Getting Serious

Yesterday, I wrote the first in what I hope will be a series of posts making the case that a John McCain presidency would be a strategic disaster for the United States. McCain’s record suggests he has little ability to think in terms of America’s strategic goals around the world and focuses instead on near term tactical issues which he usually gets wrong.

Whether it’s going to be possible to make that case — which I think is an extremely strong one — in the context of an election campaign is another question. And whatever else we say about McCain any campaign strategy against McCain has to start with a recognition that he has very low unfavorable ratings for a candidate who’s been in public life for as long as he has. (According to the latest Gallup poll, each candidate’s unfavorable numbers are McCain 27%, Obama 33% and Clinton 44%. Other polls have different reads, but the basic point about McCain’s low negatives is a consistent finding.)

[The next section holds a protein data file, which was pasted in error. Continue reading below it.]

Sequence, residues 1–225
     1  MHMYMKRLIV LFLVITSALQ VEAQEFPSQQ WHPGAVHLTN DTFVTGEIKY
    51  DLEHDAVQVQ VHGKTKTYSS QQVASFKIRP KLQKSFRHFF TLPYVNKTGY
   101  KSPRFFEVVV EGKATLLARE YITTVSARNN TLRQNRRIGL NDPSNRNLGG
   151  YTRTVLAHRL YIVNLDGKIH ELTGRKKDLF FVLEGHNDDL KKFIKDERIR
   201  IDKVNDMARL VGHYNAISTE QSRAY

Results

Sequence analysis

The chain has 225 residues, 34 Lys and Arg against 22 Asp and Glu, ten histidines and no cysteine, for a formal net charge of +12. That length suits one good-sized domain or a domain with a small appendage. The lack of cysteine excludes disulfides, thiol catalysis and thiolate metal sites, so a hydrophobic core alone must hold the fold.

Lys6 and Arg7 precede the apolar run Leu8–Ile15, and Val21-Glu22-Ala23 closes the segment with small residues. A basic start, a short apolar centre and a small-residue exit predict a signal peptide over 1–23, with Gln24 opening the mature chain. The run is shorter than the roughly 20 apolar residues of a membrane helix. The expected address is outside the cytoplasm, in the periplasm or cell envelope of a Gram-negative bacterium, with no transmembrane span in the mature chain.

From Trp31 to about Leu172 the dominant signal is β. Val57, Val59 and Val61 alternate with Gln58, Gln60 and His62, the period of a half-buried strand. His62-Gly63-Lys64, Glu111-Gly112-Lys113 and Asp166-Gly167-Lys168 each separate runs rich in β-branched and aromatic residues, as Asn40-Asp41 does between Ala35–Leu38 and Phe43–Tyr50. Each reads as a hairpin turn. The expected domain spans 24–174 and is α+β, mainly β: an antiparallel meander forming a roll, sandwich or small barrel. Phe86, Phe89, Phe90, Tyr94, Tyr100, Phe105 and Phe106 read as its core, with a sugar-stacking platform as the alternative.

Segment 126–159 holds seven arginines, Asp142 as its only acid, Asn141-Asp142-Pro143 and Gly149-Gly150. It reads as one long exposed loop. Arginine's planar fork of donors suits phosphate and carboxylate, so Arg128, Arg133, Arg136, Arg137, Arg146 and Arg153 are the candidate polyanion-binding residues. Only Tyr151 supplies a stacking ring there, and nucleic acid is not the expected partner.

So if the Democrats want to run well against McCain they need to be focusing in on one key political fact. The Iraq War remains very unpopular. Most Americans think it was a mistake and most want to leave.

John McCain meanwhile is in lockstep with President Bush on the issue and wants to continue all his policies, including a decades long occupation of Iraq.

The details beyond these two salient facts are secondary at best. If the Democrats are serious about contesting this election, affiliated groups — and there’s at least one already out there specifically tasked with taking the fight to McCain — need to get on the air making this single point and running it in key states around the country.

Whether that pulls down his numbers in the short-term is an open question in my mind. But the realization of this key fact in the minds of voters is a necessary predicate for a Democratic victory in November.

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